As predicted earlier this month, Saskatchewan has now legalized amateur MMA. The Provincial Government passed Order in Council 479/2013 which orders that the Saskatchewan Martial Arts Association is specified as the body responsible for the sanctioning and oversight of amateur combative sports, including mixed martial arts, kickboxing, modified muay thai, and full contact karate. A summary of the OIC is set out below.
The Province apparently is also committed to legalizing professional MMA. The Government of Saskatchewan has just released the below press release. I should point out that despite the certain tone of the press release the law legalizing pro MMA in Saskatchewan has not been passed and in fact as of today has not even been introduced in the legislature with a Government lawyer advising that “the draft legislation won’t be introduced until the fall of 2013“.
That being said, there is a strong majority government in power and there is no reason why they can’t pass the law they are committing to introduce.
The Government of Saskatchewan has approved the establishment of a provincial athletics commission and is taking the necessary steps to have the commission running by the summer of 2014. This commission will hold the authority to sanction professional combative sports, including mixed martial arts and boxing events.
Bill S-209, a bill to amend section 83 of the Criminal Code to legalize the sport of mixed martial arts across Canada was passed in June 2013. This amendment makes professional boxing and mixed martial arts contests legal in Canada when they have the authorization of an athletics commission created by provincial legislation.
The legislation will provide protocols for license applications, event permits and the terms and conditions of an event. It will ensure that competitors participate in appropriate pre-fight medical testing, such as concussion screening, blood tests and eye exams. It will ensure that qualified medical staff and event officials are hired, that promoters and competitors have the proper licenses, and that promoters have suitable liability insurance. The commission will be responsible for tracking competitors’ fighting history and will ensure safety protocols are enforced.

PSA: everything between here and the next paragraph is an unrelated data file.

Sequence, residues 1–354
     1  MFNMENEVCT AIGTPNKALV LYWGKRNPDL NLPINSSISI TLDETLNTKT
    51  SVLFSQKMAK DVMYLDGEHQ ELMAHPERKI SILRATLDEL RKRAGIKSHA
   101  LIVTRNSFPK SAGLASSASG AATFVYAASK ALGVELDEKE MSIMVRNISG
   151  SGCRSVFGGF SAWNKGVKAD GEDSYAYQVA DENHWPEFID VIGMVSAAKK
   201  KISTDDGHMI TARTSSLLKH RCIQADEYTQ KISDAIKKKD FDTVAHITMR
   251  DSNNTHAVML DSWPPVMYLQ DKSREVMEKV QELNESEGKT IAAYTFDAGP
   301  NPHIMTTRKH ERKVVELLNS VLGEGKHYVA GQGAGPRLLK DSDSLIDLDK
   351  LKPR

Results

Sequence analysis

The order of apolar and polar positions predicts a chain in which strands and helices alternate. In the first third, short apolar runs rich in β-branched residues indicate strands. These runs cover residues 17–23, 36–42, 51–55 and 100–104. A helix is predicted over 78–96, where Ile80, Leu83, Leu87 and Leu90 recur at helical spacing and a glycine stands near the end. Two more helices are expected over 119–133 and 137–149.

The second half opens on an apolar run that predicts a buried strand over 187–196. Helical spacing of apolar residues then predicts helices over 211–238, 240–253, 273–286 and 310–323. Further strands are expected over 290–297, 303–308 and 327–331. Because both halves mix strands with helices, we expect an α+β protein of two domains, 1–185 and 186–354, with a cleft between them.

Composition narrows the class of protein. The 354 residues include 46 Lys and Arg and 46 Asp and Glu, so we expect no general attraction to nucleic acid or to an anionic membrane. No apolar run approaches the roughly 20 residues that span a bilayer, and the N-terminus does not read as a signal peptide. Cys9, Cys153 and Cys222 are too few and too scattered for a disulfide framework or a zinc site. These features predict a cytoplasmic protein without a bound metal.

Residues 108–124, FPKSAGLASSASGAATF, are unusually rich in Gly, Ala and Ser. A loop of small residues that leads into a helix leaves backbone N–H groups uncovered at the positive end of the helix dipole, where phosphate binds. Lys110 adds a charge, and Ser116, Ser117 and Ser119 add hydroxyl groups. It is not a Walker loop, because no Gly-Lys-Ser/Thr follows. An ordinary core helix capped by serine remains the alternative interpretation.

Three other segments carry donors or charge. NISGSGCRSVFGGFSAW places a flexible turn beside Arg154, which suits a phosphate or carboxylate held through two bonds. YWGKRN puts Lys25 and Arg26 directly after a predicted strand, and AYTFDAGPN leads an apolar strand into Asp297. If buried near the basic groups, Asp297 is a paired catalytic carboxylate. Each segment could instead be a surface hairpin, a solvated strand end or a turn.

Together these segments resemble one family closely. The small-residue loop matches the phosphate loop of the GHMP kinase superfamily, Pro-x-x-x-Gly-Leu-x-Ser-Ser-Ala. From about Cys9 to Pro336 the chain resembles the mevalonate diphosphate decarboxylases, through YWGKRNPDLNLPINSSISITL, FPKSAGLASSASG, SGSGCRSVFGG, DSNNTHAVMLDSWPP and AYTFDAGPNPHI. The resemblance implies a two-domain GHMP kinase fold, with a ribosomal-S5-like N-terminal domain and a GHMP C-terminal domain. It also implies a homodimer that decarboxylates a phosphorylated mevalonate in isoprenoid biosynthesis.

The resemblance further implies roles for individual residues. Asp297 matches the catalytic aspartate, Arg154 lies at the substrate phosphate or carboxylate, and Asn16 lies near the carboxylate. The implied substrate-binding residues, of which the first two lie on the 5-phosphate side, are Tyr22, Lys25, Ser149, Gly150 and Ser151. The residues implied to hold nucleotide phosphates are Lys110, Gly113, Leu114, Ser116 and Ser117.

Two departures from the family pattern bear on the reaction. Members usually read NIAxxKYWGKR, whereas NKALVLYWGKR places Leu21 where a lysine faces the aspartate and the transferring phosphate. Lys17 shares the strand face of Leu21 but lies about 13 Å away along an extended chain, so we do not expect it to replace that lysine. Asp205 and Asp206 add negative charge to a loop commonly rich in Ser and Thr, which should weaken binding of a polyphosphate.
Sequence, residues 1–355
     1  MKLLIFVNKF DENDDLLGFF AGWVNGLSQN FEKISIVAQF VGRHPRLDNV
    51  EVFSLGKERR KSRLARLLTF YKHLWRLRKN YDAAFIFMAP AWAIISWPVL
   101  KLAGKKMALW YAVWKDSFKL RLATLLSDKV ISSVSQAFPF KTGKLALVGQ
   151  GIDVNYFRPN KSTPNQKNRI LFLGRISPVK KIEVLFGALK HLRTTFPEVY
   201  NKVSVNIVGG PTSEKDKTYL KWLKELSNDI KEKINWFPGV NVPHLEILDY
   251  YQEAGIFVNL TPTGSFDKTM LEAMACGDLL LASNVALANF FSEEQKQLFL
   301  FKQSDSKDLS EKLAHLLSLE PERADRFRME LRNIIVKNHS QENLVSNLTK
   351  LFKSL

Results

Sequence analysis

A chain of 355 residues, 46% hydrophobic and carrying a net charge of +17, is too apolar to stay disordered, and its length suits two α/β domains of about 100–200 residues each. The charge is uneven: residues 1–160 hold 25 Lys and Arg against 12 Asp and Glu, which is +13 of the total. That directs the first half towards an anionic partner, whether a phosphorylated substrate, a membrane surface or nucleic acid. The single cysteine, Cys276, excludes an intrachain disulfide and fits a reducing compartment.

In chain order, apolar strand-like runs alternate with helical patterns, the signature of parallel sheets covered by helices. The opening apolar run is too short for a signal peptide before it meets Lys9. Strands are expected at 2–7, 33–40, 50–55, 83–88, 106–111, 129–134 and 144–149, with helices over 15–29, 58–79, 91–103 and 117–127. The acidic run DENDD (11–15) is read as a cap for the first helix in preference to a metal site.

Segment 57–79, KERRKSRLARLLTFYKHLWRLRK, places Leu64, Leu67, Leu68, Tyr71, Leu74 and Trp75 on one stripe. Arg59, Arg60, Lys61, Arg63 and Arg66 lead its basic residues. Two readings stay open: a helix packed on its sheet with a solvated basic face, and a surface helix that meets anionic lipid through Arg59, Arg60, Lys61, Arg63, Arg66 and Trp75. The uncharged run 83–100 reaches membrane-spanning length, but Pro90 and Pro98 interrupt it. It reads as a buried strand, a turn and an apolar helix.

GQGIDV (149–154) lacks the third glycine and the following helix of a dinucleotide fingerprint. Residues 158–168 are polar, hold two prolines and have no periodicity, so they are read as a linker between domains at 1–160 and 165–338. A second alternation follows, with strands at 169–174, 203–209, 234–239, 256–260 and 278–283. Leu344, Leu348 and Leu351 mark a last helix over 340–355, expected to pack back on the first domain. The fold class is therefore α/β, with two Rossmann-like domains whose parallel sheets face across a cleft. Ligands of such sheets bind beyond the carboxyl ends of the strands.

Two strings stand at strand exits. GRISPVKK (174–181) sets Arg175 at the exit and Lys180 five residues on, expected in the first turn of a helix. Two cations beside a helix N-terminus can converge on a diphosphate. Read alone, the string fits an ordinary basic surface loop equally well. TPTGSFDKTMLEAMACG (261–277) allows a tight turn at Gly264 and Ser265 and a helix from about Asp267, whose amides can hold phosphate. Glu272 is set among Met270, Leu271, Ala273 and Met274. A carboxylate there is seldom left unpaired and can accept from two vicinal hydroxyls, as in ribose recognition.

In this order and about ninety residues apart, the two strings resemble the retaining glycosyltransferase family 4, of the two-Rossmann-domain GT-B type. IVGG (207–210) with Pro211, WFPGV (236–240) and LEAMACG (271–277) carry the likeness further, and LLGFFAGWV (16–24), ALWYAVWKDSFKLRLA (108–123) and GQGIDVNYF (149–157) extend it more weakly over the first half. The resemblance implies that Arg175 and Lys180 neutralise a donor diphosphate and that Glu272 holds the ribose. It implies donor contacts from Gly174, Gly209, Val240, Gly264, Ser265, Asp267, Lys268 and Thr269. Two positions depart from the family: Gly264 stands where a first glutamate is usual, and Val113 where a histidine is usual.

If the government is involved, a consistent standard of qualifications, rules, regulations and safety protocols for all participants and officials across the province, through a uniform licensing framework, will occur. This will ensure the safety of the athletes.
“Our government is dedicated to protecting our athletes,” Parks, Culture and Sport Minister Kevin Doherty said. “A provincial athletics commission will help ensure the safety of everyone involved in professional combative sport competitions. After the amended changes to the Criminal Code were made in June, our government received the clarification we needed to move forward on this.”
“I want to thank the province for being proactive on this,” Tourism Saskatoon’s Director of Industry Development and Sport Randy Fernets said. “A provincial commission will attract large-scale MMA events to Saskatchewan. Such events are good for tourism and our growing province. Competitions such as the Ultimate Fighting Competition (UFC) will attract fans from across the province who will spend money on event tickets, hotel rooms and meals in restaurants.”
After thorough research and consultations, the Government of Saskatchewan determined that a provincial commission will be the most effective, efficient option for sanctioning mixed martial arts and boxing events in Saskatchewan. It is also in line with what the majority of provinces have done to sanction professional MMA events.
The amendments to the Criminal Code also impact amateur combative sports. The province is entering into an agreement with the Saskatchewan Martial Arts Association (SMAA). The SMAA will sanction and oversee amateur combative sports including mixed martial arts, kickboxing, modified muay thai and full-contact karate.
The SMAA is a provincial sport governing body representing amateur athletes. When sanctioning amateur events, the association will be responsible for co-ordinating approval of officials, tracking competitors’ fighting histories, and co-ordinating appropriate medical testing. To qualify for sanctioning, events must be hosted by a member of the SMAA. Competitors cannot be paid and they must be 18 or older.
“We are so pleased to oversee the sanctioning of amateur combative sport competitions in this province,” SMAA President Tim Oehler said. “By regulating amateur competitions, we help eliminate unsanctioned fights that put athletes at risk. We are passionate about sport development and look forward to continuing this role in partnership with the province.”
The SMAA will start sanctioning amateur combative sporting events immediately.